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Keywords:

  • Looked after children;
  • user-views;
  • qualitative;
  • CAMHS

Abstract

  1. Top of page
  2. Abstract
  3. Key Practitioner Message:
  4. Introduction
  5. Methodology
  6. Conclusions
  7. References

Service-user involvement is an essential component of mental health service provision. This review aims to synthesise literature that has attempted to elicit children's experiences of mental health services with particular reference to looked-after children. The review is limited to qualitative research with study inclusion based on a synthesis of good quality criteria. Identification of gaps in the literature, directions for further research and implications for service developments are discussed.


Key Practitioner Message:

  1. Top of page
  2. Abstract
  3. Key Practitioner Message:
  4. Introduction
  5. Methodology
  6. Conclusions
  7. References

Relating to looked-after children and service user involvement:

  • • 
    Vulnerable children should be given equal choice and involvement in their treatment decisions and not miss out on the wider NHS drive for service user involvement.
  • • 
    Incorporating children's views will by definition require a comprehensive service creating financial and training challenges.
  • • 
    While realistic, asking looked-after children about their views requires that a number of complex issues be addressed: methodologically, reflexively and ethically.

Introduction

  1. Top of page
  2. Abstract
  3. Key Practitioner Message:
  4. Introduction
  5. Methodology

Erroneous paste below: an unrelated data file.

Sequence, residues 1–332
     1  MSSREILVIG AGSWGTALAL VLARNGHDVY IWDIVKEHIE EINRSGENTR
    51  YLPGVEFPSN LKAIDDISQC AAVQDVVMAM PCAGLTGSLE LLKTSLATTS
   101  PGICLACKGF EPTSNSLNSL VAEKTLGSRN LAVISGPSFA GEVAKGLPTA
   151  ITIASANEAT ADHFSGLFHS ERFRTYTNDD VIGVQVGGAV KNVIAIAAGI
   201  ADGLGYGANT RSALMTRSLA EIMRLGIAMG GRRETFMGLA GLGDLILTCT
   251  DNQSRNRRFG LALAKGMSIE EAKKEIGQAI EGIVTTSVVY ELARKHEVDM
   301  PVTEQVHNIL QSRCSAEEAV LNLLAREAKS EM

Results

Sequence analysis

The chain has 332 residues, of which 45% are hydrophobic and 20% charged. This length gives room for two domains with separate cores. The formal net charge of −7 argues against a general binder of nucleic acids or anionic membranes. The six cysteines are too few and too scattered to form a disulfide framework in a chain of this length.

6. Conclusions
  7. References

Respect for children's views is enshrined in the Children Act (DoH, 1989), and the UN Convention on the Rights of the Child (1999). Guidelines advocate making ‘particular efforts’ to ensure that looked-after children, as a ‘frequently excluded group’, are encouraged and supported to give their views and be involved in all levels of decision making (DoH, 2002, 2004). Eliciting looked-after children's views of CAMHS is particularly important because of the nature and complexity of their difficulties (Mental Health Foundation, 2002). In principle looked-after children, like all children, should be afforded the status as experts in their own experience with a fundamental right to contribute to their own mental health care and service developments. The possibility that children may express views which are in conflict with developed guidelines is easy to overlook. For example, while DoH (1996) identifies the central importance of continuity of placement for looked-after children, without mentioning continuity of social worker, some researchers have reported children prioritising just this factor (Munro, 2001). A resolution of how to pragmatically resolve the competing principles of evidence-based practice (such as the NICE guidelines, in the UK) and children as informants on their own lives is beyond the scope of this paper. However, current trends supporting empirically-validated practice guidelines involve many complex issues: interventions identified by research as effective may be in conflict with the expressed preferences of children. This is particularly pertinent given the tendency in society to attach more value to the views of the highly educated. Clinicians need to maintain a reflexive position in this regard, for example as to whether internalised societal values predispose us to subjugate children's views over research evidence.